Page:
The professional journal for the college teacher-scholar
Vol. 81, No. 2, November 2018
Will Kurlinkus and Krista Kurlinkus
In this article we examine nostalgia’s historical role in preparing Appalachia for industrial paternalism and how the coal industry primes a psychology of nostalgic self-sacrifice that keeps longing for coal fresh in Appalachia today. To do so, we develop a rhetoric of nostalgia, an ecology of terms—communities of nostalgia, god memories, nostalgic cruxes, nostalgic othering, and neostalgia—through which we probe what people are nostalgic for, why, and to what ends. Within our analyses, we also illustrate nostalgia’s critical power to reveal gaps in yearning, recover divergent traditional identities, and build emancipatory futures.
Composition scholarship has long sought to foster the links between ethical deliberation and writing practice. However, the language employed in accounts of disciplinary ethics frequently reveals a reliance on characterological measures of ethical behavior, where students' writing shapes our perceptions of the self behind the writing. Ethical theories are instructive in illuminating how characterological approaches to instruction can limit the scope of students’ agency in rhetorical decision-making, perpetuating patterns of exclusion in the classroom and restricting our capacity to foster the use of rhetoric as a tool for action guidance. In place of characterological models for teaching ethics in writing courses, I advocate for a dialogic model of ethical writing pedagogy—one that places multiple ethical models (virtue-based, consequentialist, and deontological) in conversation—as a means for focusing attention on action guidance in composing practice.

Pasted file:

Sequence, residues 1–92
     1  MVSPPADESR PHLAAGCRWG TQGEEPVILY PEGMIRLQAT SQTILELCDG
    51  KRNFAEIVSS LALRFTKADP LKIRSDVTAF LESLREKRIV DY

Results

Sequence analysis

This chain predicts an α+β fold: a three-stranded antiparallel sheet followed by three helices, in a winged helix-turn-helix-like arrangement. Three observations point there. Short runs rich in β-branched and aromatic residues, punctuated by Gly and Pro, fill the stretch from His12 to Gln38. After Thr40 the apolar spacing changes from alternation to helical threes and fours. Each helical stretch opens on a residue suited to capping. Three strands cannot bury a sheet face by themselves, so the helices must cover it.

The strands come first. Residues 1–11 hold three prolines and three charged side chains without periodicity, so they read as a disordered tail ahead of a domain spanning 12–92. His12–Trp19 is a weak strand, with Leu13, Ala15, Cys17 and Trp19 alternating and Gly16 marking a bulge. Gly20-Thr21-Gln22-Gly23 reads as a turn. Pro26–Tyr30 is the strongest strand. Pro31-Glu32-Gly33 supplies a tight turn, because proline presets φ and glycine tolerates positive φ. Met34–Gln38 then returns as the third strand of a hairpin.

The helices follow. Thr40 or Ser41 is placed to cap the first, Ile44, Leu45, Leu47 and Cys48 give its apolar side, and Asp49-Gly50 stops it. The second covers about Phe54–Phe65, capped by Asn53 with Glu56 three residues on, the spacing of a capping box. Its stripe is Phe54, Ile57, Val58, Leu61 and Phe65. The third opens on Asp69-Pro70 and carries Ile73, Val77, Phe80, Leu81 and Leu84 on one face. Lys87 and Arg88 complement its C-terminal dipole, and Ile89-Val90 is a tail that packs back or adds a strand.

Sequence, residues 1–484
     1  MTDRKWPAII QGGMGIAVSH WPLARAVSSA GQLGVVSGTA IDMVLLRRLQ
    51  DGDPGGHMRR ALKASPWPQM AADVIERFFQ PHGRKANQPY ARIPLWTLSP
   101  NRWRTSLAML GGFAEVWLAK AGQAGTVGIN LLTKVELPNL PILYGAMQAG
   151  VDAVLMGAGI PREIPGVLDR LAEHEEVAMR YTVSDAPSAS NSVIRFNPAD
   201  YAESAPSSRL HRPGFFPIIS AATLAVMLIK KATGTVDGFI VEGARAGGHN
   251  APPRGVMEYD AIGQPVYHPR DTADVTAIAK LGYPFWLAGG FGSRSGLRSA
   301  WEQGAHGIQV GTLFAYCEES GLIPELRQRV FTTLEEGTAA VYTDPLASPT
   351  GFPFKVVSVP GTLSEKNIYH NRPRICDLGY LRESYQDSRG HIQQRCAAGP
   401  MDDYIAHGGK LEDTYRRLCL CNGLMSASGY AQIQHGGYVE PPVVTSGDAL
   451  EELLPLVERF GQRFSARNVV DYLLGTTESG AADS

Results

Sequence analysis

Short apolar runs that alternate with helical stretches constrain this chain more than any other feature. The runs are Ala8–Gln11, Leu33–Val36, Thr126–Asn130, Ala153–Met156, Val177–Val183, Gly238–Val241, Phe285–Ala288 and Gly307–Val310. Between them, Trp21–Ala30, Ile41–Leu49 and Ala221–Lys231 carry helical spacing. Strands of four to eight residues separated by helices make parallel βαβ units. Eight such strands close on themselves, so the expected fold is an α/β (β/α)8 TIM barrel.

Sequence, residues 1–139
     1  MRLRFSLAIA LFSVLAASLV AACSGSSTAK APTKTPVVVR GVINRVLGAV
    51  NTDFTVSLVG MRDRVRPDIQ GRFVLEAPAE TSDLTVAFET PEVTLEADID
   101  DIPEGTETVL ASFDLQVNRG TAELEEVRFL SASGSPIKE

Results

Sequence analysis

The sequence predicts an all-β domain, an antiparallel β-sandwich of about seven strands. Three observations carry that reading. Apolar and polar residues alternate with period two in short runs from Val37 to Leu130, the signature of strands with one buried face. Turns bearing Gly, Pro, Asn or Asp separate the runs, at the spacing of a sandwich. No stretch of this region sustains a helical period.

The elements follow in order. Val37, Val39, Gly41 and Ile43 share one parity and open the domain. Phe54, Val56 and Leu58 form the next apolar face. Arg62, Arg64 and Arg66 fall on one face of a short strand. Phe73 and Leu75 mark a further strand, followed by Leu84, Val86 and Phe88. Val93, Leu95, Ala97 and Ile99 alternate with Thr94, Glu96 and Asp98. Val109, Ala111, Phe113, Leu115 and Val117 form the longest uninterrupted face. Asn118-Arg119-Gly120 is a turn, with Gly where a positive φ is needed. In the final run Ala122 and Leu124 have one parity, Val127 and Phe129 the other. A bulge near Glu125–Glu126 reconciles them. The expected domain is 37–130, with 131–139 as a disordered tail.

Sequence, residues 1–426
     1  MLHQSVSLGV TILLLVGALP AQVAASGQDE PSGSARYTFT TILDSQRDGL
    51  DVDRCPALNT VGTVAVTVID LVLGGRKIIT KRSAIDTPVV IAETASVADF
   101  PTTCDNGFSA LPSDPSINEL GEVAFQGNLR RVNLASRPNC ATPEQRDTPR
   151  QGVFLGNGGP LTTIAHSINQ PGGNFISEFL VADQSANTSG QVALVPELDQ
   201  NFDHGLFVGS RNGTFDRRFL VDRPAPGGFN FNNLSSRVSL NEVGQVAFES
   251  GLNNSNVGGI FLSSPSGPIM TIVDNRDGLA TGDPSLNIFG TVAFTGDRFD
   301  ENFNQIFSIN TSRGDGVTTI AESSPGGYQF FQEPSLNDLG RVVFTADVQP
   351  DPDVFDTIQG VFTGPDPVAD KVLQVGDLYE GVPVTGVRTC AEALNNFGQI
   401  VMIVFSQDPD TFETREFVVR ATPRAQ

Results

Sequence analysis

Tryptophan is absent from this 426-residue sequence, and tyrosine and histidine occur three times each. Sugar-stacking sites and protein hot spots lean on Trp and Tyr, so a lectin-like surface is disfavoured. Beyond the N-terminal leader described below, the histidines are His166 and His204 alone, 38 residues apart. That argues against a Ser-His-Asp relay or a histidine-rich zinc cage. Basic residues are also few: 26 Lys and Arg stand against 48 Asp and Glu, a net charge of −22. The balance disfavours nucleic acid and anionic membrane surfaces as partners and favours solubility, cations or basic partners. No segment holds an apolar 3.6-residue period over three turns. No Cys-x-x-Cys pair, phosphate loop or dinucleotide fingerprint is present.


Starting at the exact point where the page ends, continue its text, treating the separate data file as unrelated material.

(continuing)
Chris S. Earle
This essay extends scholarship on religious rhetorics and composition pedagogy by drawing upon Jürgen Habermas’s “translation proviso.” The proviso tasks religious writers and nonreligious audiences with cooperatively translating religious claims into shared terms when questions of policy are at stake. I discuss strengths and weaknesses of Habermas’s proposal and mine its implications for teaching public argument. Though Habermas does specify that writers strive to give “generally accessible reasons,” this essay finds in his account two especially generative pedagogical tenets: 1) that writers should identify, analyze, and respond to the varied conventions of multiple public spheres; and 2) that deliberation requires a stance of critical self-reflexivity which, more than a willingness to listen to the other side, requires all writers to transform their perspectives.